B – Beliefs: The negative thoughts that occur to the client as a result of the activating event.

C – Consequences: The negative feelings and behaviours which result from the negative belief.

Then the coach assists the client to Reframe, or challenging the negative thoughts on the basis of evidence from the client’s experience, or in other words to re-interpret it in a more realistic light.  This often helps the client to develop more rational beliefs and supportive coping strategies.

Neuro Linguistic Programming: NLP is a field of study that includes a set of techniques, beliefs and strategies as an approach to personal development.  Originally developed by Doctors Bandler and Grinder in the 1970s, NLP has influenced coaching significantly, as well as other helping professionals, and has even become a popular foundation of leadership development.

It is based on the idea that mind, body and language interact to create an individual’s perception of the world. Thus perceptions, and therefore behaviours, can be changed by the application of a variety of techniques.

An important technique is “modelling” which involves the careful reproduction of the behaviours and beliefs of those who have achieved excellence. Although this is sometimes applied by having the client identify someone they feel is successful and then try to connect and develop some of the same beliefs and behaviours for themselves, it is more often used in helping the client identify their own definition of success. 

This latter approach then means that the client is able to make choices about themselves, based on their own definitions, and not necessarily try to “become” someone else or to measure themselves by someone else’s standard for them.

Although NLP is quite popular, there continues to be controversy about its effectiveness, and to date has not been scientifically validated. However, many coaches and trainers are finding successful ways of using the information from this field of study, in new and unique ways with individuals, groups and organisations, and are achieving notable results.

Of the many techniques in this field, the Meta Model is arguably the foundation. It is a set of clarifying questions or language patterns designed to challenge and expand the limits to a person’s model or “map” of the world. It helps detect limiting beliefs and restrictive thinking.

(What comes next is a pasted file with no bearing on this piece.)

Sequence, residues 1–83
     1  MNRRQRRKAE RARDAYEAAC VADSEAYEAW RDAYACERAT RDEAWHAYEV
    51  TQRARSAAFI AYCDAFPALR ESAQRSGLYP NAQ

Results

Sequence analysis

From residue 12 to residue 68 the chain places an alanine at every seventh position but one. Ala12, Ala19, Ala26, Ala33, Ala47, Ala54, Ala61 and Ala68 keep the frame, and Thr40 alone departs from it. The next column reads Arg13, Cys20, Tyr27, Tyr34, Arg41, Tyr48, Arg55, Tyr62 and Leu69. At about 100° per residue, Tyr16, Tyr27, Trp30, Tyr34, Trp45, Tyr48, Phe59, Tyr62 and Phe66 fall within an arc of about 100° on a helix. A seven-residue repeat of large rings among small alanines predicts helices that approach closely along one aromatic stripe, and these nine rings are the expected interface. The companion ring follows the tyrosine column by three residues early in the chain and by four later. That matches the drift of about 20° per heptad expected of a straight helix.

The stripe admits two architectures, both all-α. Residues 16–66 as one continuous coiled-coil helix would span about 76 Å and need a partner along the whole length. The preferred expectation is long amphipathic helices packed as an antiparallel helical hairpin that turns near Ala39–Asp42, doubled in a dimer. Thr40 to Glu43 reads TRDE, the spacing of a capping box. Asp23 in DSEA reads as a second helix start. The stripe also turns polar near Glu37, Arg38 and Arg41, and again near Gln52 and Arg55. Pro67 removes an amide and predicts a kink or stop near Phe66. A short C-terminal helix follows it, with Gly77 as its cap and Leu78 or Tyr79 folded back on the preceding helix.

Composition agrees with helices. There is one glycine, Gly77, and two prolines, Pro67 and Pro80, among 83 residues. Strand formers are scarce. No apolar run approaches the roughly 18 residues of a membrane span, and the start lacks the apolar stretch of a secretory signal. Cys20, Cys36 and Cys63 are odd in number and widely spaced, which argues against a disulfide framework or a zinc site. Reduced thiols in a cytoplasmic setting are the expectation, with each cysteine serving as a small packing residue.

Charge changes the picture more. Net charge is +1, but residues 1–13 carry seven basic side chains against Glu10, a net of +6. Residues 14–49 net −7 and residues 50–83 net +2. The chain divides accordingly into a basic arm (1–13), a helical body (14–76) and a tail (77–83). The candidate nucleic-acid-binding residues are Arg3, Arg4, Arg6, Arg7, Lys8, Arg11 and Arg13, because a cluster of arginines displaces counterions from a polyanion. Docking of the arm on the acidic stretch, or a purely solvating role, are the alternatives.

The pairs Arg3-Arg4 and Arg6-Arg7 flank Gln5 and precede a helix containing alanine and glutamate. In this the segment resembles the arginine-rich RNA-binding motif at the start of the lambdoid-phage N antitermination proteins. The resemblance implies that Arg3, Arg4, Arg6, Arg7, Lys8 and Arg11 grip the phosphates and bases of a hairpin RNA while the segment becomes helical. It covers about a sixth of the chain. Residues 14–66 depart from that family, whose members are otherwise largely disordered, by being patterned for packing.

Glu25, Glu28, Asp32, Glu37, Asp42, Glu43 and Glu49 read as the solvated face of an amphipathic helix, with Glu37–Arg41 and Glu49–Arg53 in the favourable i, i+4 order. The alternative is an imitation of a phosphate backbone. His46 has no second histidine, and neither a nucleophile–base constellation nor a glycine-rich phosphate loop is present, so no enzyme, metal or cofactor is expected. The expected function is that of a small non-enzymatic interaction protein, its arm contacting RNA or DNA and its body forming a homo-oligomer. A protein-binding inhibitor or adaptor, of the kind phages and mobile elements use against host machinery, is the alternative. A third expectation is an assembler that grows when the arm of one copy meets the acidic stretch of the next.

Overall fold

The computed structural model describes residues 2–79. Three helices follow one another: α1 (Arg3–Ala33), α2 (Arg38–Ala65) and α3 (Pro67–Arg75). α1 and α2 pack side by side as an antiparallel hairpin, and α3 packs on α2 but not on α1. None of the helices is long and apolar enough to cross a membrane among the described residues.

The coach listens carefully to what the client is saying and how they’re saying it, and helps the client see the information that sits underneath the words they’re speaking. Through this awareness and reframing, the client is often able to develop a more supporting way of thinking and communicating, and therefore achieving greater results. Other techniques include anchoring, ecology and Visual/Kinaesthetic Dissociation (VK/D).

Narrative Approach: One of the most powerful tools available to coaches and other professionals is the stories their clients tell to them. Narrative coaching focuses on working in new ways with the ordinary stories clients tell and helping them tell extraordinary new stories with who and how they are in the world.

The coach also assists the client to modify narrative stories that are unhelpful or ineffective.  For example, if the client has a story they tell themselves and others that they are “no good,” they may be taking moments of their history and experience and creating negative bigger stories that redefine who they are.

In this area of coaching, we look at dominant stories, and how the client may be creating a story where a problem or issue that occurred now defines them as a person versus being simply affected by the situation. Coaches help the client break down the story into facts and reconstruct the story to be more supportive and accurate. This is focused on externalising language having a problem shouldn’t define the person as the problem.

Assessments and Profiling: Many coaches use a variety of assessment and profiling tools and techniques. Almost all of them require the client to “self-assess” as they are the expert of their own experience and what’s important to them.

These tools typically fall into one of the following categories:

  • Personality Traits
  • Behaviour Styles
  • Thinking Styles
  • Creativity Styles
  • Learning Styles
  • Team Roles
  • Conflict Styles
  • Leadership Styles
  • Skills Competency
  • Feedback and Performance Measurement

The importance of these tools lies not just in the data that they produced, but in the debriefing of the results of the assessments so that the client can make their own choices of new behaviours and actions based on the increased level of awareness. Assessments are not used to “label” the client, but to increase self-awareness for the purpose of planning and taking action and increasing performance.

Wheel of Life: This is a foundational tool for many coaches, and there are multiple variations of it. The Wheel of Life is a model by which the client can self-assess their satisfaction in multiple environments of their life. The same tool can also then be used for the client to assess their positive energy and effort, and/or negative energy and effort in each environment.

It helps the client identify priorities and raises awareness to the level that a client can then also commit to strategies to increase their satisfaction. Some variations of the wheel are used to measure leadership, health, financial, spiritual or community environments or components.

Values Identification: All forms of coaching, in one way or another, include values identification as part of the process. Values are, in a coaching sense, what the client holds to be most important and the basis for decision-making. Some have referred to values as our emotional guidance system.

Personal values evolve from experiences with the external world and can change over time, and they are implicitly related to choice. They guide our decisions by allowing for an individual’s choices to be compared to their values.